Vitamin D Is Critical for Cancer Prevention
Mounting evidence shows that vitamin D has enormous protective effect against various cancer types, including lung, ovarian, breast, prostate, pancreatic, and skin cancers. This information stems from over 2,500 laboratory trials as well as 200 epidemiological studies.
For instance, according to a 2007 study published in the American Journal of Preventive Medicine, a serum 25(OH)D level of more than 33 ng/mL was linked to 50 % lower risk of colorectal cancer. Additionally, a research reported by the International Journal of Cancer found out that a 10 ng/ml increase in serum vitamin D levels was associated with a 15 % reduction in colorectal cancer incidence and 11 % reduction in breast cancer incidence.
Most Important—Maintaining Optimal Vitamin D Serum Levels
Keeping a beneficial serum level at all times is extremely important. Studies show that 40ng/ml is the minimum needed foe cancer prevention. According to a 2009 study,
“Higher serum levels of the main circulating form of vitamin D, 25-hydroxyvitamin D (25(OH)D), are associated with substantially lower incidence rates of colon, breast, ovarian, renal, pancreatic, aggressive prostate and other cancers. Epidemiological findings combined with newly discovered mechanisms suggest a new model of cancer etiology that accounts for these actions of 25(OH)D and calcium. Its seven phases are disjunction, initiation, natural selection, overgrowth, metastasis, involution, and transition (abbreviated DINOMIT). Vitamin D metabolites prevent disjunction of cells and are beneficial in other phases.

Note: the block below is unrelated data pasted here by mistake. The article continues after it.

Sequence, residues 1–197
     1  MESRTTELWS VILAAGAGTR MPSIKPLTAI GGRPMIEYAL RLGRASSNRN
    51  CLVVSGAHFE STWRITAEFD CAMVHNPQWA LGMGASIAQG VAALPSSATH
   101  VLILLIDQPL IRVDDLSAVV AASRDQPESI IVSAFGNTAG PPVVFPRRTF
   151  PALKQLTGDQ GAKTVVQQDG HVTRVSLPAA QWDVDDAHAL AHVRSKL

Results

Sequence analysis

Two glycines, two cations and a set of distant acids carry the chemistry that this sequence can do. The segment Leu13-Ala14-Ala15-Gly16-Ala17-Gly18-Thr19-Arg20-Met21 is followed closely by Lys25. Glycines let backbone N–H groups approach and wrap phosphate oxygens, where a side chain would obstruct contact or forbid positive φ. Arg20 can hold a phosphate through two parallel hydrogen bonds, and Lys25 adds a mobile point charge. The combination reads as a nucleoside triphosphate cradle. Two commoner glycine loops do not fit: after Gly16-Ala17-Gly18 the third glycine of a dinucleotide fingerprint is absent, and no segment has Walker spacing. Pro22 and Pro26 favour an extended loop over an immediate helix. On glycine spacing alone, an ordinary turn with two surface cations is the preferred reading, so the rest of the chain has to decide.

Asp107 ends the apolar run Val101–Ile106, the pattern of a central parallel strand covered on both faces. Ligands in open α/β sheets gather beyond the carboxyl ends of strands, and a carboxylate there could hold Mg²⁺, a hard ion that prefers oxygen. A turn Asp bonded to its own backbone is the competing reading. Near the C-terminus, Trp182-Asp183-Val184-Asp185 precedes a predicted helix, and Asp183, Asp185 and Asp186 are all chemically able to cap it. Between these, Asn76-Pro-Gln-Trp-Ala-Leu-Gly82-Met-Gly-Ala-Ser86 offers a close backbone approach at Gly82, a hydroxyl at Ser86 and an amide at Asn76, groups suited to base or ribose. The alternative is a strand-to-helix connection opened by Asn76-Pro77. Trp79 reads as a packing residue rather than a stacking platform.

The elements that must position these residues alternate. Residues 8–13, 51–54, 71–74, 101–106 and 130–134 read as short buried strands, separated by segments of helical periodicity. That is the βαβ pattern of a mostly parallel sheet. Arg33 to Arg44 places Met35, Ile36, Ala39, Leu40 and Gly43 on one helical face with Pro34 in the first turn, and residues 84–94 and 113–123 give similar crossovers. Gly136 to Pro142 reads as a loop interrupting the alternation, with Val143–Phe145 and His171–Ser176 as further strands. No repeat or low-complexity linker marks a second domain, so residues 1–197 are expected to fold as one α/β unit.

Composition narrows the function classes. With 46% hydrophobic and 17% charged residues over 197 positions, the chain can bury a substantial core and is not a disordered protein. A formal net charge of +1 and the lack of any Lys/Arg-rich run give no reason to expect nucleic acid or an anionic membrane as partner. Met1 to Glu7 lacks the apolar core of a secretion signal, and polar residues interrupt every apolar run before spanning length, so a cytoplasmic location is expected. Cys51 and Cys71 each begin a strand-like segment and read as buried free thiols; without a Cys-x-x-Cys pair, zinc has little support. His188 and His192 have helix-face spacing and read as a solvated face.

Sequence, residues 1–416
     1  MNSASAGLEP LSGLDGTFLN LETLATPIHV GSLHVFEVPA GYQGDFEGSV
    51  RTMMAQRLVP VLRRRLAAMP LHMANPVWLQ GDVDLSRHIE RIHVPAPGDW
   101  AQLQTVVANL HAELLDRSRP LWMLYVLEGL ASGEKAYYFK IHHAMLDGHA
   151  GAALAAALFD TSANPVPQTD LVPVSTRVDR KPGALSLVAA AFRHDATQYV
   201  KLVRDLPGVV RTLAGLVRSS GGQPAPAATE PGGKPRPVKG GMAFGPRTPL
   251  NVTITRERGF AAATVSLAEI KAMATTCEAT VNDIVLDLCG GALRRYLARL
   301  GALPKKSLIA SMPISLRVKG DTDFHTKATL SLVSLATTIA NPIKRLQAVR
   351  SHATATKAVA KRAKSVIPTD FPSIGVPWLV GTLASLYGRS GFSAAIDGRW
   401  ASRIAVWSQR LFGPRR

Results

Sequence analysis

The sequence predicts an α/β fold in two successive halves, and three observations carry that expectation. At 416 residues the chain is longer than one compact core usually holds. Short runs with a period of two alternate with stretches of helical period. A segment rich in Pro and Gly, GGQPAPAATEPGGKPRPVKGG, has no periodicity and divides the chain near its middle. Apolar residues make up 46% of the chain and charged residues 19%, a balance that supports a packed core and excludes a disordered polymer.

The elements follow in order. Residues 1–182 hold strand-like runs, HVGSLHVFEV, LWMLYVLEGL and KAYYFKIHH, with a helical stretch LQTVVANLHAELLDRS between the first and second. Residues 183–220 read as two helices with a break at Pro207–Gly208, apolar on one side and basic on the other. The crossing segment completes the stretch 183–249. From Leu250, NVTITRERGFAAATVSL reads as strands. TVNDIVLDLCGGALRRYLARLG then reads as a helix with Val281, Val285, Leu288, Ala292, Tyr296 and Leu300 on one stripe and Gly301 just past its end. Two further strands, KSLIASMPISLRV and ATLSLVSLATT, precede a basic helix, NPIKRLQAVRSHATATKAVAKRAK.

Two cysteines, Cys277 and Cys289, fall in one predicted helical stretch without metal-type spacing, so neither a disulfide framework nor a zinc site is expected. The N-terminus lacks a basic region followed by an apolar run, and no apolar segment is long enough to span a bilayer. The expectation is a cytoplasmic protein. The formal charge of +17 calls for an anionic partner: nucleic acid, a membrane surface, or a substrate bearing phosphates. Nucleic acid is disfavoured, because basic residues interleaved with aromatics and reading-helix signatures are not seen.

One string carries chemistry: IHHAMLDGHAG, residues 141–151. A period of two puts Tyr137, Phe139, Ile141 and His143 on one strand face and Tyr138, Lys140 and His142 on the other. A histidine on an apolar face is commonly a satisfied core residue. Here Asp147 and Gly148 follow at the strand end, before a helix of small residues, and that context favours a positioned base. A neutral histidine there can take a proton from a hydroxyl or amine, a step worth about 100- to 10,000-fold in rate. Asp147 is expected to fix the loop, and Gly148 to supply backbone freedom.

It is projected that raising the minimum year-around serum 25(OH)D level to 40 to 60 ng/mL (100–150 nmol/L) would prevent approximately 58,000 new cases of breast cancer and 49,000 new cases of colorectal cancer each year, and three fourths of deaths from these diseases in the United States and Canada, based on observational studies combined with a randomized trial.
Such intakes also are expected to reduce case-fatality rates of patients who have breast, colorectal, or prostate cancer by half… The time has arrived for nationally coordinated action to substantially increase intake of vitamin D and calcium.”
Last but not least, it is important to provide general supplementation guidelines. A research by GrassrootsHealth suggests that adult individuals need 8,000 IUs daily to reach a serum level of 40 ng/ml, which is considered a healthy serum level. With this being said it is recommended to increase your sun exposure and wisely choose your supplements to boost your vitamin D levels.